Too Soon

TooSoon2The excitement surrounding a new revelation may influence the discoverer to believe that others may be similarly enthusiastic about expanding the knowledge available for humanity. However, timing, as we shall see, comes into play and the powers that be may not be ready for changes in thinking or behavior, especially if it calls for an expanded worldview.

Galileo Galilei found himself strolling through the Vatican gardens with Pope Urban VIII in 1624 explaining the discoveries he had made peering through his new telescope and the significance of those observations on the science of astronomy.

He was hoping the time was more propitious than when Cardinal Bellarmine and the Inquisition had sent Giordano Bruno to the stake for similar theories and when Nicolaus Copernicus published in 1543 (too soon for widespread acceptance) The Revolution of the Heavenly Orbs some seventy years earlier. After all, there was a paradigm shift occurring with the Protestant Reformation. Maybe the Church would now be ready to respond to new scientific evidence related to the movement of the planets. Maybe the Church would see the need for its own “reformation.”

However, both the Pope and the Cardinal were afraid that the Church was too threatened to entertain any major changes in the ages-old beliefs, attitudes and values. Galileo’s challenge was too direct. “I think that in discussions of physical problems we ought to begin not from the authority of scriptural passages, but from sense-experiences and necessary demonstrations. Nor is God any less revealed in Nature’s actions than in the sacred statements of the Bible.”  Ouch! I think Galileo might have been a little naïve about how men who exercise power (a lot of power) might feel about change.

But, as is often the case, Galileo was accomplishing more than he knew as he sought to spread the news of his exciting observations. He was creating the modern scientific method. He had built the instrument, conducted his experiment and published the results. “[I have seen] stars in myriads, which have never been seen before, and which surpass the old, previously known stars in number more than ten times.”

His insight into the truth regarding the reality of the observable heavens is comparable to The Great Insight related to the nature of Simple Reality. Galileo had shaken the paradigm on which the authority of the Church was based in the 17th century. Offering Oneness as the fundamental reality underlying P-A is similarly unsettling to the 21st century mind.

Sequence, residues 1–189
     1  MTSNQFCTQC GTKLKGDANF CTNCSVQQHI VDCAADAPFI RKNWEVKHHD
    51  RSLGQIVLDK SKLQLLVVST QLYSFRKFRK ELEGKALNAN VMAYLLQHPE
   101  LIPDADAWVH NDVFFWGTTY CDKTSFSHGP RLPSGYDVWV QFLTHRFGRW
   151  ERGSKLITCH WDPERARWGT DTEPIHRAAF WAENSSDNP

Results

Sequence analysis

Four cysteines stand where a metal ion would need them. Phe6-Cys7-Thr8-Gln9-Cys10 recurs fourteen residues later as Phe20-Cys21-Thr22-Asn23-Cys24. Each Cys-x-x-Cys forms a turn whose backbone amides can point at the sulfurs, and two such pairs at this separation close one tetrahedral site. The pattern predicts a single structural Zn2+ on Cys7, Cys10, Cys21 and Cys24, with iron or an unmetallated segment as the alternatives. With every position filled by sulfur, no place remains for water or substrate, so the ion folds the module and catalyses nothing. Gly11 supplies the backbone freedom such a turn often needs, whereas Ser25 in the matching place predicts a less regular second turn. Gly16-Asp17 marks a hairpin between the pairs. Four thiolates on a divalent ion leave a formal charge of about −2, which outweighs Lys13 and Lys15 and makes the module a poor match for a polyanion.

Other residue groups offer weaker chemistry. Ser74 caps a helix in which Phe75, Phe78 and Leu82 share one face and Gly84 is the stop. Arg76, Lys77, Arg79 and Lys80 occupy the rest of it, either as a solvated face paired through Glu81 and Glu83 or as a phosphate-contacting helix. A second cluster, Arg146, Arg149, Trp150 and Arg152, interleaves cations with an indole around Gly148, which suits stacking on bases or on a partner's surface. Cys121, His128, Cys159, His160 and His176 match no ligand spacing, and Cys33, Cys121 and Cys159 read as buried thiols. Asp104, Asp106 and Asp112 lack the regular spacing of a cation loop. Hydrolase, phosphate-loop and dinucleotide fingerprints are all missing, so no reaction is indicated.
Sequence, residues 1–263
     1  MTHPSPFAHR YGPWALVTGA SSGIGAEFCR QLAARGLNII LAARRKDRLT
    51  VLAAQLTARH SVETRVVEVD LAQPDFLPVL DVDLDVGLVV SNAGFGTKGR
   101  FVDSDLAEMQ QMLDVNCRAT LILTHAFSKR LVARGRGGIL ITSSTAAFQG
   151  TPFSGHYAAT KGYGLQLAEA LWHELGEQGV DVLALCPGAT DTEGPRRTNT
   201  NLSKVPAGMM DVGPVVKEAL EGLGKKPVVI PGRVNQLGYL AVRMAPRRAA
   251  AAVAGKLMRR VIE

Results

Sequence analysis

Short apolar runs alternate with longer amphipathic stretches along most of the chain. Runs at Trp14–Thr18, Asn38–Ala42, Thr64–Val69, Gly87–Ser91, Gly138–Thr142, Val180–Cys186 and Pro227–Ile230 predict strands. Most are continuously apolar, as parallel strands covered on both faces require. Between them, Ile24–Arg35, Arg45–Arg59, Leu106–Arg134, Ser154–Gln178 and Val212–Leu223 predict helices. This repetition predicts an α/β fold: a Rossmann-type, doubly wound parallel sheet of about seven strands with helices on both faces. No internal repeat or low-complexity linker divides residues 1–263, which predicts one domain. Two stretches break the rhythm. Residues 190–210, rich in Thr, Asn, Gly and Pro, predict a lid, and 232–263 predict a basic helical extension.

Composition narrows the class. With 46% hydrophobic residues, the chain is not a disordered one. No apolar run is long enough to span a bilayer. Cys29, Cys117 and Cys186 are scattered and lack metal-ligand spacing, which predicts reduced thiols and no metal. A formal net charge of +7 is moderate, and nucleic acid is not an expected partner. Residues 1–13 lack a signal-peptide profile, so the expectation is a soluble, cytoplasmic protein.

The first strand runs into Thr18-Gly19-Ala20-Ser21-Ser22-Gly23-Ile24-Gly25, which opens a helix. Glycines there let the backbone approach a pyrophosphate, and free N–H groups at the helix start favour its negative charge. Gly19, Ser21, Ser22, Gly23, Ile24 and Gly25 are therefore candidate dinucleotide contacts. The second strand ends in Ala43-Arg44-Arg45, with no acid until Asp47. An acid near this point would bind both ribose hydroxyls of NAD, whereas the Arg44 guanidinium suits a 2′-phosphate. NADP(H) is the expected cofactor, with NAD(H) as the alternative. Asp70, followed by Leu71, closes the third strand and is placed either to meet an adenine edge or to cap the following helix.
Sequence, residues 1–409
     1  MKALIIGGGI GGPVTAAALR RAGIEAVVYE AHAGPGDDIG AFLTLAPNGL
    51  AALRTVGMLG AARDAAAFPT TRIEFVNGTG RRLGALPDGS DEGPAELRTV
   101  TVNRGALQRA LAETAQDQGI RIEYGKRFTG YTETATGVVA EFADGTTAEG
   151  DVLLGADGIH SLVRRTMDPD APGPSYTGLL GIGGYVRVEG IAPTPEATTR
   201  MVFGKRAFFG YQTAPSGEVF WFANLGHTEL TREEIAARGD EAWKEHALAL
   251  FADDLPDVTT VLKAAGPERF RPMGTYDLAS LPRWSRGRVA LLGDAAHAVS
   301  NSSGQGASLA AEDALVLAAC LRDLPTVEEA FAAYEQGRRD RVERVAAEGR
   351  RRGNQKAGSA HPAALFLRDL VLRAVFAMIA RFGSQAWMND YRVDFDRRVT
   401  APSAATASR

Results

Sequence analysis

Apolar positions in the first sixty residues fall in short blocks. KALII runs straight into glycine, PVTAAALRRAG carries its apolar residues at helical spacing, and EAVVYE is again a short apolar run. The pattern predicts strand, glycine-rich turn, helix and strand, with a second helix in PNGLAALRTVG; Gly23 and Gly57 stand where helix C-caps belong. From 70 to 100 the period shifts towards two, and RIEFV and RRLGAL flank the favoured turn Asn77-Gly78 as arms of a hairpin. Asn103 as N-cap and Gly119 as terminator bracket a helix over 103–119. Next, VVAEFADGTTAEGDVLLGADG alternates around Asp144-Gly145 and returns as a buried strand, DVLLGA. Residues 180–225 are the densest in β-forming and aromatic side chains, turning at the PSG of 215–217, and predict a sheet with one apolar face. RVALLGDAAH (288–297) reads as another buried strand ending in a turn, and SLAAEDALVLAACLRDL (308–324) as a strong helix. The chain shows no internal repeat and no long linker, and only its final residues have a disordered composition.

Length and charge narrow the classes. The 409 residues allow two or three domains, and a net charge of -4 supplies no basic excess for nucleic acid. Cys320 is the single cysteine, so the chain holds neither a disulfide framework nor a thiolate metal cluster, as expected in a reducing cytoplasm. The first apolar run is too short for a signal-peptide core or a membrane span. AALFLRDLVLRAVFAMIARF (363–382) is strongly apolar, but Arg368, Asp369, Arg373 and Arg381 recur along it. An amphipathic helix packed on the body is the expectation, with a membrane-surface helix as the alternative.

Galileo’s book outlining his discoveries and theories was on the Church Index of forbidden books for 200 years. As a result of his trial, he had to retract what he had published and was shown the instruments of torture should he doubt the resolution of the Pope and the Inquisition. He lived out his life under house arrest. He had spoken too publicly and too soon.

Perhaps the unsettling paradigm of Simple Reality will be set aside by a false self that cannot conceive of what to do with it. As with Galileo’s discoveries, however, we see that truth can be delayed but ultimately not denied. Because of the opposition of the Church in the predominantly Catholic southern nations of Europe, science advanced more rapidly in the Protestant countries of the north with the work of such scientists as Rene Descartes and Isaac Newton. Three years after his trial, Galileo finished his last book, New Science, but couldn’t publish it. Two years after that it was published in the Netherlands where the Scientific Revolution was in full swing.

Today, humanity stands in need of another revolution and it cannot come too soon.


References and notes are available for this essay.
Find a much more in-depth discussion in the Simple Reality Trilogy
by Roy Charles Henry:
Where Am I?  Story – The First Great Question
Who Am I?  Identity – The Second Great Question
Why Am I Here?  Behavior – The Third Great Question

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